By Joshua Harmon; Directed by Daniel Aukin
Produced by Roundabout Theatre Company

Off Broadway, Play
Runs through 8.26.18
Laura Pels Theatre, 111 West 46th Street


by Jose Solis on 7.5.18


SkintightEli Gelb and Will Brittain in Skintight. Photo by Joan Marcus.


BOTTOM LINE: A satire lacking in self-awareness...but look, there’s a hot guy in a jockstrap!

John Keats famously wrote “a thing of beauty is a joy forever,” to which playwright Joshua Harmon might contest: “until it’s not.” At least that’s one would guess from his sardonic take on fading beauty in Skintight, a play populated with characters as chiseled as they are shallow. Idina Menzel leads the cast as Jodi Isaac, a 40-something divorcee who arrives at her father’s luxurious West Village townhouse with the excuse of celebrating his 70th birthday, but truly only wants to mourn her dead marriage (her husband left her for a 24-year-old with fake breasts). But if Jodi wants not to be reminded of the greatness of youth, she’s barking up the wrong tree, as her father Elliot (Jack Wetherall), a famous designer, has taken up with a 20-year-old lover with abs of steel and a brain of hay, called Trey (Will Brittain).

Jodi fails to understand why the men in her life are so eager to throw away their adult lives to shack up with partners barely out of their teens, and through her plight, Harmon continues the existential questioning he started in Significant Other, in which a single gay man wondered why all his girlfriends found husbands while he remained alone. Like Jordan, the whiny lead of Significant, Jodi never once considers the idea that maybe her problems are her own making, instead choosing to blame fate, circumstance, and her upbringing.

In Skintight, Harmon paints a tableaux featuring the various ages of men: there’s a greying gentleman, two 20-somethings (Jodi’s son Benjamin arrives halfway through the first act), and Jodi as the middle-aged sample. The problem is that Harmon gives Jodi this task while perpetuating the narrow-minded vision of women he first displayed in Significant Other, in which female characters had one of two purposes: fag hag or nag. Jodi’s actual purpose in Skintight is rather insignificant (seriously, no pun intended)—she has no dramatic arc and is in the play exclusively to serve as the screen onto which all the men project their own neuroses.

This would be less obvious if the men in question were fascinating enough to distract us from all the casual misogyny. Instead we have a dimwitted Okie, a millennial stereotype, and most disturbing of all a Jewish man whose family emigrated from Hungary escaping Nazis, but who regardless has developed an obsessive eye for beauty as long as it comes in very light hues. Michelangelo’s David, the ultimate example of literal and figurative white male beauty, is used as the measuring stick to which most of the characters define what’s worth looking after. Elliot takes Trey to see the iconic sculpture, and Trey, with his limited cultural knowledge, realizes that by talking about the David, he can fake his way into a “serious” conversation with Benjamin, a queer studies major.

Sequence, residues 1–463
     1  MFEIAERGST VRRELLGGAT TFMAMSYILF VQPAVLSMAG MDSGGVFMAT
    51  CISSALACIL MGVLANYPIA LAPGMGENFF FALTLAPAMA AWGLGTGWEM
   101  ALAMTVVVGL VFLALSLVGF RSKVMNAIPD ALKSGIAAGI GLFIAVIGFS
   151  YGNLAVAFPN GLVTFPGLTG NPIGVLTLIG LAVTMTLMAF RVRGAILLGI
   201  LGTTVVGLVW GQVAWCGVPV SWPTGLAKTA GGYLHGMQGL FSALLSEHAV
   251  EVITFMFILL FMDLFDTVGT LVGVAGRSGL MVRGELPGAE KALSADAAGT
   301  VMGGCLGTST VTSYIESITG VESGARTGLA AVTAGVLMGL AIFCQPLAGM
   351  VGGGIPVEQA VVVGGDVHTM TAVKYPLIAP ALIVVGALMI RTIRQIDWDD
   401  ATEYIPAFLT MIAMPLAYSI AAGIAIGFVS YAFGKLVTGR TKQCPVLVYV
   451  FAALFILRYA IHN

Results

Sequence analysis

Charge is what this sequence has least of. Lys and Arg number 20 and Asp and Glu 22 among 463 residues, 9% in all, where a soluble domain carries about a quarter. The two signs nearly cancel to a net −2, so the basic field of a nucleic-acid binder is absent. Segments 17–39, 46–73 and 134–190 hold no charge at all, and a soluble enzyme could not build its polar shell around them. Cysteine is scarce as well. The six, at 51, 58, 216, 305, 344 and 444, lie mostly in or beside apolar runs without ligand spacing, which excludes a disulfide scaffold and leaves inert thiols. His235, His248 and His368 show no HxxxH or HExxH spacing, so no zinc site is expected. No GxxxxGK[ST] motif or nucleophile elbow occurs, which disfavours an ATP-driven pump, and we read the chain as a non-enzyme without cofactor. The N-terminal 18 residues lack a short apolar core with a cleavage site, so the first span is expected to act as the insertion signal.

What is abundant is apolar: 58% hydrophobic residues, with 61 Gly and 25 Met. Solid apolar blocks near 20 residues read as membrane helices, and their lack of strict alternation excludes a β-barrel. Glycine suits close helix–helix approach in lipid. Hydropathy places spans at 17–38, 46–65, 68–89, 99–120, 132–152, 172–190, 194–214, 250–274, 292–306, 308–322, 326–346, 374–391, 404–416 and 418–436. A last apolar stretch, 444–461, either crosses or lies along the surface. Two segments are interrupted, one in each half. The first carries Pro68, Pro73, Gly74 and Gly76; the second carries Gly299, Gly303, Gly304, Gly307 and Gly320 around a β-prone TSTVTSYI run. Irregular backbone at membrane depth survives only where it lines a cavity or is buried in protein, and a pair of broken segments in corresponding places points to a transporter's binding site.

Whiteness is a recurring theme here. “They’re too white,” Elliot exclaims at one point, trying to explain to his daughter how the shirts he designed came out the wrong hue. He also might as well be describing the cast of the play he’s in, each one so light-skinned that they seem to blend into the oppressive pale greyness of the monochromatic set by Lauren Helpern.

And yet, if the purpose of the play was to satirize the homogeneity of affluent white people who rely on Botox parties to mitigate their ennui, Harmon takes these characters too seriously for Skintight to work as that. Trapped between thinking it’s an exposé of the 1%, while really being a celebration of white-gay-maleness, Skintight’s pivotal moment comes during a monologue in which Elliot explains to Jodi why he loves Trey so much. Comparing the young man’s skin to a fabric worth making sheets from, he praises his “corn-fed” features, and by the time he describes Trey’s beauty as being “from the heartland” you wonder how many MAGA hats he owns. No longer merely a Norma Desmond-type wanting to revive past glories through the beauty of youth, Elliot’s speech on eugenics as sexual desire truly makes the skin crawl.

(Skintight plays at the Laura Pels Theatre, 111 West 46th Street, through August 26, 2018. Running time is 2 hours 15 minutes, including one intermission. Performances are Tuesdays at 7:30; Wednesdays at 2 and 7:30; Thursdays and Fridays at 7:30; Saturdays at 2 and 7:30; and Sundays at 3. Tickets are $119 and are available at


Skintight is by Joshua Harmon. Directed by Daniel Aukin. Scenic Design by Lauren Helpern. Costume Design by Jess Goldstein. Lighting Design by Pat Collins. Sound Design by Eric Shimelonis. Production Stage Manager is Jill Cordle.

The cast is Will Brittain, Stephen Carrasco, Eli Gelb, Cynthia Mace, Idina Menzel, and Jack Wetherall.